Keep Sporting Weird: A New Book Profiles the World's Oddest Athletic Pursuits

From ostrich racing to chess boxing, a new photography book documents the world’s strangest athletic dreams.

By Sarah Richards November 18, 2014 Published in the December 2014 issue of Portland Monthly

In 2000, Sol Neelman joined the Oregonian as a photojournalist. Five years later, when a colleague asked him what he liked to photograph the most, his response was off-the-cuff: “Sports and weird shit.” Once articulated, that proclamation took on the glow of truth. 

“I’m proud of the photos I took at the newspaper,” he reflects now, “but a lot of it was boring.”

Neelman soon began traveling the world in search of the craziest and most exotic athletes and sports he could find: outhouse races in Washington state, hog wrassling in Wisconsin, underwater hockey in England, coffin races in Colorado, ancient polo in China, and color runs in Portland (pictured above). Photos of his discoveries filled his first book, Weird Sports, released in 2011 by a Heidelberg-based fine arts publisher.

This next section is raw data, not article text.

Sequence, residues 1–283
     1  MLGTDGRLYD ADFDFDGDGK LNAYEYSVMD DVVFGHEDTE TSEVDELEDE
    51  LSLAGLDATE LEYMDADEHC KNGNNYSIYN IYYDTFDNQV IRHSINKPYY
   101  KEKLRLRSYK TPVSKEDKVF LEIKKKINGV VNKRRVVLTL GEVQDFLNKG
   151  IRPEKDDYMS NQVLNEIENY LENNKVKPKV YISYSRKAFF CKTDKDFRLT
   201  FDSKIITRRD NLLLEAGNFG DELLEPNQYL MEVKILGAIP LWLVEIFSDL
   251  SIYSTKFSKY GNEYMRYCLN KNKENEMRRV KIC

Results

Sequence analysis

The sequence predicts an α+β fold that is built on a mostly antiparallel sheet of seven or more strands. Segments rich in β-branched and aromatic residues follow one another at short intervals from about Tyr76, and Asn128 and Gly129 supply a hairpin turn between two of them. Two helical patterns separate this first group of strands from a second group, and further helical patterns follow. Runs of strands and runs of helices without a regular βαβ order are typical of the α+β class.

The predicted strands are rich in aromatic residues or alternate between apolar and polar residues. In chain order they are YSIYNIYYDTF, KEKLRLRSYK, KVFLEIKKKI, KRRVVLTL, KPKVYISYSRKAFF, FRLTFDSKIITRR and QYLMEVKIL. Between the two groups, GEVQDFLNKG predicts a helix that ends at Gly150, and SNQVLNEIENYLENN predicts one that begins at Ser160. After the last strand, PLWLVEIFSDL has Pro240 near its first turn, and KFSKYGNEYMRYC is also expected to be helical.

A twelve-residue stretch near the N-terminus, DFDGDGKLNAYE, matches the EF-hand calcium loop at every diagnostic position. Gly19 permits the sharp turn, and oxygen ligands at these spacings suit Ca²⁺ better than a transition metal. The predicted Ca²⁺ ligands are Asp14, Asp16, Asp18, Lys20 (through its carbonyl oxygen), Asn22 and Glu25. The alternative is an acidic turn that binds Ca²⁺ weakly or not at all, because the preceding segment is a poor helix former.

This spring, Neelman raised $27,427 on Kickstarter to fund a sequel, Weird Sports 2. The new volume, to be released next spring, will feature 71 new photos: flaming tetherball in Seattle, ostrich racing in Nevada, chess boxing in Germany, and egg Russian roulette in Wales. 

Why this attraction to off-kilter games? The adult Neelman is a hale 6-foot-3, but as a child he admits he was an awkward, failed athlete. “I was an only child raised by a single mom,” he says. “Playing sports was the way to hang out with neighborhood kids, even though I wasn’t any good.”

Light saber fencing! Ostrich racing! Bubble soccer! Major League Dreidel! See more weird sports by clicking through to the slide show below.

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